DTE Prepay Program Rejected by Michigan Regulators

Photo by Brendan Wood, licensed under Creative Commons Attribution-ShareAlike 2.0


Good news for Michigan utility customers! In a November post we explained the eyebrow-raising proposal from DTE to sell customers on a program where they could prepay a fixed amount for their electricity service, but be suddenly disconnected from service if the prepaid amount ran out. At its last meeting of 2022, on Dec. 21, the Michigan Public Service Commission (MPSC) denied DTE’s proposed program and also refused DTE’s request to waive several important consumer protection rules that would have stood in the way of the program.

In its order, the MPSC agreed with the arguments submitted by CUB, the Michigan Attorney General and other groups that the prepay program would likely increase costs for customers, particularly low-income customers, and lead to “self-deprivation” (in which customers deprive themselves of energy to keep costs down and avoid losing service) and that DTE failed to show that any potential benefits of the program outweigh the potential harm.

“The structure and costs associated with this program were a bad deal for consumers, especially lower-income customers who might have found themselves forced into the program,” AG Dana Nessel said in a news release, as reported by Mlive. “I appreciate the MPSC’s attention to the very real risks for customers in this case.”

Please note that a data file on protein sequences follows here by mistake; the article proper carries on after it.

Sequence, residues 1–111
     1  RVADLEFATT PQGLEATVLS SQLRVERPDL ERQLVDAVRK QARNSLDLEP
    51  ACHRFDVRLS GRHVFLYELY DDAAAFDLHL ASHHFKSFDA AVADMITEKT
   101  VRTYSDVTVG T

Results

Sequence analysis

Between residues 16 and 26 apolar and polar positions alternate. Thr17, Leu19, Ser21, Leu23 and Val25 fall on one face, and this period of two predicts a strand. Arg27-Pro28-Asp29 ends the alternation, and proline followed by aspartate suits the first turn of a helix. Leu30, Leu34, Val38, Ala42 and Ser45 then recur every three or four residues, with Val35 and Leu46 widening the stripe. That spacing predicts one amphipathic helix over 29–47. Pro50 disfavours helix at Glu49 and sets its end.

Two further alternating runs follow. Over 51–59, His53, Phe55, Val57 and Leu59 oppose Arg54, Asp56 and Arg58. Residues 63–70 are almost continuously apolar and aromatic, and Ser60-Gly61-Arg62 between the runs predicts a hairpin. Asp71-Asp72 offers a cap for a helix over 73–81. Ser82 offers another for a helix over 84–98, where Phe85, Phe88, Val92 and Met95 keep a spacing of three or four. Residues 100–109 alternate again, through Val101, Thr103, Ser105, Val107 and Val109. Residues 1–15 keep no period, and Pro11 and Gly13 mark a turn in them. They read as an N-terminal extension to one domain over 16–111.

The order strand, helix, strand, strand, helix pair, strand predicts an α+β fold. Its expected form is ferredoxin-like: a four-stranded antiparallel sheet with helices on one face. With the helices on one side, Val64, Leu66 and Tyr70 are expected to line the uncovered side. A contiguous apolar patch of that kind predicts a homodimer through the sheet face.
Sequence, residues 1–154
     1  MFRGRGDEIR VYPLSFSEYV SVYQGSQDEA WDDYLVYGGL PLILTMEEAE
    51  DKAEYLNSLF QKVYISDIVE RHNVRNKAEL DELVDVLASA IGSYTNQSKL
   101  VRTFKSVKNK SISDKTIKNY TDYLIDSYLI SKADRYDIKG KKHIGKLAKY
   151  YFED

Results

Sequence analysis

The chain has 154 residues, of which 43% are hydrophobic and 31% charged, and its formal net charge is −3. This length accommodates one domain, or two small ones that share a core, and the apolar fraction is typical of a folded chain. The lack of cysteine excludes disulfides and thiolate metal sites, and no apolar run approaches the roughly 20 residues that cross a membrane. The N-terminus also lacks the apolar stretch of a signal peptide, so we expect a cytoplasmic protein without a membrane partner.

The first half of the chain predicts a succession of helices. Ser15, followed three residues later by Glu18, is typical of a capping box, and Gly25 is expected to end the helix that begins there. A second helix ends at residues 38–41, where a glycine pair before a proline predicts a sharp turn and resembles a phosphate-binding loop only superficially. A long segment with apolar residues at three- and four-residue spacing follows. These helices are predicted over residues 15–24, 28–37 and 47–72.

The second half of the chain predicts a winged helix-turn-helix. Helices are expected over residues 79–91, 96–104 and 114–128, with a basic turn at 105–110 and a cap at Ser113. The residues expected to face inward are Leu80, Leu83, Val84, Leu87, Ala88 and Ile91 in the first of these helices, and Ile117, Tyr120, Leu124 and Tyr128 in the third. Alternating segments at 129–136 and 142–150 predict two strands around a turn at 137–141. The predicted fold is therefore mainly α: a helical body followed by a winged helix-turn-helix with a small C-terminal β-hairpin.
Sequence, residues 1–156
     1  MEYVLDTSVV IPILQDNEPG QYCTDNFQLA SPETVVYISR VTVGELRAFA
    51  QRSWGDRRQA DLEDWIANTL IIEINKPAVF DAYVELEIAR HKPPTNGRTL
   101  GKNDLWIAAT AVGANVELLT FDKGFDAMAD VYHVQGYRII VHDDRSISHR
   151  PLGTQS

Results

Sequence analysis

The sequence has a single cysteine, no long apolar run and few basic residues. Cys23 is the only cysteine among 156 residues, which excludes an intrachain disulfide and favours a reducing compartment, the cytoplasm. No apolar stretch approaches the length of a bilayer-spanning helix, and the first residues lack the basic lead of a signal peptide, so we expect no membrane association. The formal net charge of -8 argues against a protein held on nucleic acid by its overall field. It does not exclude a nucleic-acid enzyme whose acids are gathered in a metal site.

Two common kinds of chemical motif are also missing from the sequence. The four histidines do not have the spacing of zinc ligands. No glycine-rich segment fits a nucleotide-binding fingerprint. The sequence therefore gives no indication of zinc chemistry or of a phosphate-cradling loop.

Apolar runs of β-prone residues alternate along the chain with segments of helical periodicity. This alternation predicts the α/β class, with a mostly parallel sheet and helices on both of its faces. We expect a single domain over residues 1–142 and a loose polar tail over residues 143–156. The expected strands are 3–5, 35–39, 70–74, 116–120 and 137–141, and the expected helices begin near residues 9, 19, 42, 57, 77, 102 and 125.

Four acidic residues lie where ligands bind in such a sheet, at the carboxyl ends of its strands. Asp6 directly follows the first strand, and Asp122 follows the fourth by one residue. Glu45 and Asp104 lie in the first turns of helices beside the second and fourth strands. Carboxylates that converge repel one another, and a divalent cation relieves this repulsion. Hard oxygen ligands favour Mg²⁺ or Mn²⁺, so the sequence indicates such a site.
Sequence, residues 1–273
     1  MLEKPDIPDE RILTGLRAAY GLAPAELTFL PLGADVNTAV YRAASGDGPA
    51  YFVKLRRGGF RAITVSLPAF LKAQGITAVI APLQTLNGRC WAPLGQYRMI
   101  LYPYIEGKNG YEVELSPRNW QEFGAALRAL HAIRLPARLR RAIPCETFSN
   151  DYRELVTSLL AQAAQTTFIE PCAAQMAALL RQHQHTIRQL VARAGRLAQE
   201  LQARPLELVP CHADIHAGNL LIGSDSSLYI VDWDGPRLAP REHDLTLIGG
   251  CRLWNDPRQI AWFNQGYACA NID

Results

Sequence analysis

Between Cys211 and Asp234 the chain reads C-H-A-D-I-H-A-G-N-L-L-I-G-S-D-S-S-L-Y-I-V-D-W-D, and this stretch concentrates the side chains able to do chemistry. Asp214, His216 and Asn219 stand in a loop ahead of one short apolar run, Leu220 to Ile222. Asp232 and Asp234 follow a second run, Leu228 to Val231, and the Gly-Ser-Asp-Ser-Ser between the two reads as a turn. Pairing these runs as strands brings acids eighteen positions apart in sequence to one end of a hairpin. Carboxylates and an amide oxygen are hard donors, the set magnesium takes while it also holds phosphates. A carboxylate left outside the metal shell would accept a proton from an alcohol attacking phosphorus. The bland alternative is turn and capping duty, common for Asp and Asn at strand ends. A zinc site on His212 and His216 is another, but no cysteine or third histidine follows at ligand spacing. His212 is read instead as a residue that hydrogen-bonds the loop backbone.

This may not be the end for DTE’s prepay idea, unfortunately. The MPSC’s order states “that a prepay program could provide beneficial innovations for managing energy costs and consumption for certain customers if properly designed and vetted,” and says that DTE may refile its plan if it provides more evidence for how consumers would be protected. We are skeptical as to what these “beneficial innovations” could be and why they would need a prepay program to be achieved. The supposed benefits that DTE pointed to in the application, like more sophisticated options for a customer to analyze his or her energy use data, do not require a prepay program to be offered to customers at all.

The MPSC said in its order that it “encourages DTE Electric to work with the intervenors and the Staff on developing the Prepay pilot to address customer protection concerns,” so CUB will listen to any future proposals from DTE and scrutinize them as we have done so far. But we are skeptical that this will be a fruitful exercise.

Other groups participated in this case and helped lead to the result. We thank Soulardarity, the Environmental Law and Policy Center, the Ecology Center, Vote Solar, the Great Lakes Renewable Energy Association, the Union of Concerned Scientists, the Sierra Club and the Natural Resources Defense Council for their efforts.